Format

Send to

Choose Destination
See comment in PubMed Commons below
Psychol Sci. 2010 Aug;21(8):1141-9. doi: 10.1177/0956797610376073. Epub 2010 Jun 29.

Benign violations: making immoral behavior funny.

Author information

1
Leeds School of Business, University of Colorado, Boulder, CO 80309, USA. peter.mcgraw@colorado.edu

Abstract

Humor is an important, ubiquitous phenomenon; however, seemingly disparate conditions seem to facilitate humor. We integrate these conditions by suggesting that laughter and amusement result from violations that are simultaneously seen as benign. We investigated three conditions that make a violation benign and thus humorous: (a) the presence of an alternative norm suggesting that the situation is acceptable, (b) weak commitment to the violated norm, and (c) psychological distance from the violation. We tested the benign-violation hypothesis in the domain of moral psychology, where there is a strong documented association between moral violations and negative emotions, particularly disgust. Five experimental studies show that benign moral violations tend to elicit laughter and amusement in addition to disgust. Furthermore, seeing a violation as both wrong and not wrong mediates behavioral displays of humor. Our account is consistent with evolutionary accounts of laughter, explains humor across many domains, and suggests that humor can accompany negative emotion.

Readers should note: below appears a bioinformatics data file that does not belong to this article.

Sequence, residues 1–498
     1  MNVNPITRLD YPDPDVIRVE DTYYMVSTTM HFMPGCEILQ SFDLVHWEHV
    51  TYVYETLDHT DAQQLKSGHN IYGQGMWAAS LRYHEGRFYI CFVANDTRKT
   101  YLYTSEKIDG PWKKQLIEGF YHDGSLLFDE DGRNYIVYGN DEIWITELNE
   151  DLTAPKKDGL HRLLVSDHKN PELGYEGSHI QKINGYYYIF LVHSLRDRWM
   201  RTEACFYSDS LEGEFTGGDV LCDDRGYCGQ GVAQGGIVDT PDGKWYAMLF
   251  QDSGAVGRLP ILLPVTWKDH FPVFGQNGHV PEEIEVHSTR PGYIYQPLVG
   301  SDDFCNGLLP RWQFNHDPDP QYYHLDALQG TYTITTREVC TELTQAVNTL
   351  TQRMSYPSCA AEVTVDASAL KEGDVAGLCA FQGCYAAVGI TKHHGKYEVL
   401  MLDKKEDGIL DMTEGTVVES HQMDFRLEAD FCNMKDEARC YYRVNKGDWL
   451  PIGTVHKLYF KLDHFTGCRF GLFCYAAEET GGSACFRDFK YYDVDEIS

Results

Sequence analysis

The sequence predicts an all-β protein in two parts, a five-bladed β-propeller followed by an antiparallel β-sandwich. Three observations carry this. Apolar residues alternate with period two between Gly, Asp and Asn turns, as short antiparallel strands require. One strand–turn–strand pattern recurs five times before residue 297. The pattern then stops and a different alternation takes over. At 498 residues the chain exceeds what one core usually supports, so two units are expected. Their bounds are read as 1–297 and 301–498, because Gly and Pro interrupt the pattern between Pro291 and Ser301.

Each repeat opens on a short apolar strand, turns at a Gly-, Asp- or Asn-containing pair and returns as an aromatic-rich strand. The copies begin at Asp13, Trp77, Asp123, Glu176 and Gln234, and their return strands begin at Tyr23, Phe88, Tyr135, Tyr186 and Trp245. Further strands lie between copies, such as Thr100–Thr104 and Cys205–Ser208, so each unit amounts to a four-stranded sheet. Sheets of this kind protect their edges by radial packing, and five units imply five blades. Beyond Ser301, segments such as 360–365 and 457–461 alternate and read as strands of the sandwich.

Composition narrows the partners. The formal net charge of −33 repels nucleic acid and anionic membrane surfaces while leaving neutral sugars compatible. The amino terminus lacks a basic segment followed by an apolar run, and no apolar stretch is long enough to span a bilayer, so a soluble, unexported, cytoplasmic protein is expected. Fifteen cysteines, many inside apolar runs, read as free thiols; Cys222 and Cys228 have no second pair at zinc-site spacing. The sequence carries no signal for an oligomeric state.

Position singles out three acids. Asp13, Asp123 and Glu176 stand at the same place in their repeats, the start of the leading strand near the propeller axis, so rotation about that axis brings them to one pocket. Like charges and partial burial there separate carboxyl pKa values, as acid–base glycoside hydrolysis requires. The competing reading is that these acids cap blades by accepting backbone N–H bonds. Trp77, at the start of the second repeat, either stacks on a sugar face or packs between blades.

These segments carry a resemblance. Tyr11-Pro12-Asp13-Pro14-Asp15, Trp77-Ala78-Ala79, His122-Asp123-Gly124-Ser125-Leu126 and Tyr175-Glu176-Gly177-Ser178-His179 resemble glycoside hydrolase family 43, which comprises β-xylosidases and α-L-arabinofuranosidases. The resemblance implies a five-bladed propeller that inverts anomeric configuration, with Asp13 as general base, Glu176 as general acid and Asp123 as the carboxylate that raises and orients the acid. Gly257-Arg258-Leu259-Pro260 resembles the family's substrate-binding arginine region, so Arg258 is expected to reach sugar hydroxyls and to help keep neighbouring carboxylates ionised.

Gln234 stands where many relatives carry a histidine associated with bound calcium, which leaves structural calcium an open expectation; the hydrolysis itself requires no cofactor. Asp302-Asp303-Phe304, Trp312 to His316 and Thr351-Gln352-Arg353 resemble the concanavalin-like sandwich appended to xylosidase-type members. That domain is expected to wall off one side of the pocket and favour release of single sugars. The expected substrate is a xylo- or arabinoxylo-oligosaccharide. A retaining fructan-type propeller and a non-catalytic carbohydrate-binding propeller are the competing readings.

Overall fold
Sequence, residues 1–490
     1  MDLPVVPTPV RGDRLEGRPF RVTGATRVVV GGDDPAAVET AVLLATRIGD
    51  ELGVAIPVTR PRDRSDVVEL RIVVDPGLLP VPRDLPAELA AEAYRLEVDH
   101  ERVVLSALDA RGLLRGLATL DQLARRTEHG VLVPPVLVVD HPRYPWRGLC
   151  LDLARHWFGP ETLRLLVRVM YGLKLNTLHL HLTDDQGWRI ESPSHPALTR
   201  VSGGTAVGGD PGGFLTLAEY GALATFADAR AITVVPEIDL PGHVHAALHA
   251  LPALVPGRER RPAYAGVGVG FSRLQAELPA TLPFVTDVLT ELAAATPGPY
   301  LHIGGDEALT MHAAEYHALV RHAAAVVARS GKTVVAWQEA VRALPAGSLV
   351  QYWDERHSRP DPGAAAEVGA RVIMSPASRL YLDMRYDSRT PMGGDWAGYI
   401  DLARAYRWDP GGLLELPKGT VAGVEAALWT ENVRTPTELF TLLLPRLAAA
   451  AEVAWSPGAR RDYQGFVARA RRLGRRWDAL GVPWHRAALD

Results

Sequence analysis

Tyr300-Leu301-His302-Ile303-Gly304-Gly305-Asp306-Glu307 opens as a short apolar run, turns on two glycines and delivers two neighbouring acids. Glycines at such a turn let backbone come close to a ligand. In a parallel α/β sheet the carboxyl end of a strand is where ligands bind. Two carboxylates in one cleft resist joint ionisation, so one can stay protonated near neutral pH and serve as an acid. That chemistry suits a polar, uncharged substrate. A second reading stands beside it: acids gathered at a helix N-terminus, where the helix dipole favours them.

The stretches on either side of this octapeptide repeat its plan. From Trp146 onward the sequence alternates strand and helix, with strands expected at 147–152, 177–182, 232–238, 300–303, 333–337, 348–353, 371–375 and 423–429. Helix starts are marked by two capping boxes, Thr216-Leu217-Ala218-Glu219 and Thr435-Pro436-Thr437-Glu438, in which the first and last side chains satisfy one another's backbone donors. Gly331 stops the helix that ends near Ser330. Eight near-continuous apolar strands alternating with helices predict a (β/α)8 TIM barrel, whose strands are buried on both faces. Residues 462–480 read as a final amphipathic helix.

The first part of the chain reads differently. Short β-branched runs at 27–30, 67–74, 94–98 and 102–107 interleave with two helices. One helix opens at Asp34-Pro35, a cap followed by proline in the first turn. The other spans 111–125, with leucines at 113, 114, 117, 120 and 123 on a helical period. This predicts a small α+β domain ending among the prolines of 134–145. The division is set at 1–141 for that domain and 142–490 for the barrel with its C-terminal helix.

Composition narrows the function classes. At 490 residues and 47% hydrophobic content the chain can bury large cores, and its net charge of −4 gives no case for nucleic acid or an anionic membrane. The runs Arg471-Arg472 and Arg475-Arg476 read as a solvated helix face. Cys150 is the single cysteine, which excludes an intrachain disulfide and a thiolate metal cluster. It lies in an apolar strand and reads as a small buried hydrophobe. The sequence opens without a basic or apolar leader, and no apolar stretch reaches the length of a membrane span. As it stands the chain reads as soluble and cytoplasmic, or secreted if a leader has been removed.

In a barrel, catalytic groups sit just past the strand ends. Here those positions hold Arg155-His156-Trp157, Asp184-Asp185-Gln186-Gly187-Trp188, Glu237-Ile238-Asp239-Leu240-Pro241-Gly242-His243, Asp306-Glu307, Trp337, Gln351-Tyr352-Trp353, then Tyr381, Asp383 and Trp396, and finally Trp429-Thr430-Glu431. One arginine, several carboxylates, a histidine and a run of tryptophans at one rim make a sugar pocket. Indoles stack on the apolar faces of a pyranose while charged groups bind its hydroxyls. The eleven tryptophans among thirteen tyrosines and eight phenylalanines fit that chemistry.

PMID:
20587696
DOI:
10.1177/0956797610376073
[Indexed for MEDLINE]
PubMed Commons home

PubMed Commons

0 comments
How to join PubMed Commons

    Supplemental Content

    Full text links

    Icon for Atypon
    Loading ...
    Support Center